Edward Milliband (Labour Leader) to David Cameron (PM) : “…It is becoming a pattern with this Prime Ministers. This morning, in the papers, we saw the Universities Minister being dumped on for his tuition fees policy; we see the Schools Secretary being dumped on for his free schools policy; and the poor Deputy Prime Minister just gets dumped on every day of the week.” (Followed by rapturous laughter)
Edward Milliband to David Cameron (After Cameron got a bit flustered and started raising his voice) : “ In a phrase that the Prime Minister is familiar with, “Calm down, dear.” Calm down.” 
Mr.Speaker to the crowd: “Order. There is far too much shouting in the Chamber and the Secretary of State for Education should not be shouting his head off—it is a very bad example to set to the nation’s schoolchildren!”
This was again, followed by ‘canned’ laughter and a rustling of feathers.  It was all very entertaining, like sitting in the audience of a daytime talk show! Though nothing was really resolved and I came away feeling that very little was accomplished, I can’t wait to go and see the show again.
I guess perhaps, you just had to be there
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May 9, 2011

WoWoWOW ~ What a crazy 3 weeks!


The chanting, the organised chaos, the tacky neon green and pink t-shirts, the “US vs.THEM” debating and the comforts of “Shazza” (the taxi) and “Betty” (The campaign bus) is all over; the NO2AV campaign has sadly come to an end.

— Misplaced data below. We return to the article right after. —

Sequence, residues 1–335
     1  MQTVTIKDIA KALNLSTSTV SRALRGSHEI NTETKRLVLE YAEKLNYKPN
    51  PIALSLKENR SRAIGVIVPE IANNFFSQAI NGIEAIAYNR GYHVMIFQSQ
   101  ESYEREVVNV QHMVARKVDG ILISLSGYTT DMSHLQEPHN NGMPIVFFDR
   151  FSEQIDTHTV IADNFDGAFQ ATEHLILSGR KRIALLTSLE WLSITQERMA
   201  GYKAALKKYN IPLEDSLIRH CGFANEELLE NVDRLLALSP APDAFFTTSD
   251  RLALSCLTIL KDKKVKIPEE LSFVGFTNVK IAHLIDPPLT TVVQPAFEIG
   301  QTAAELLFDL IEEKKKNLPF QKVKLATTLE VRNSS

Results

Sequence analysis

I hopped on board the bus and joined the campaign trail with three weeks to go. At first I couldn’t understand everyone’s obsession, exhaustion and sheer willingness to win this campaign, but what did I know? The rest of the team had done nothing but eat, sleep and breath NO2AV for the last 3 months.
Yet three weeks later I found myself debating just as feverishly, nodding in approval with everyone around me (having heard the arguments a million times) and hearing “one person, one vote!!”  taunt me in my dreams. 
My job was to travel around with the team who were organizing press Ops for the local media, to raise awareness of the campaign through the local MPs who were supporting us. This consisted of blowing up a giant “NO” in the city centre (or near a famous landmark) and taking photos of everyone smiling happily (Though cringing at the horrific colour of the shirt they were forced to wear) I snapped a few photos and that was it. During the last week we drove “Betty” the open-top campaign bus around the cities with MPs and various local people to the broadcasting houses, where they did a little spiel on the campaign. We made it to Wimbledon, Kent, Newbury, Birmingham, Christ Church and Bristol, to name a few. The boys (who had been doing it for 6 weeks by the time I came) drove over 3,500 miles around the country!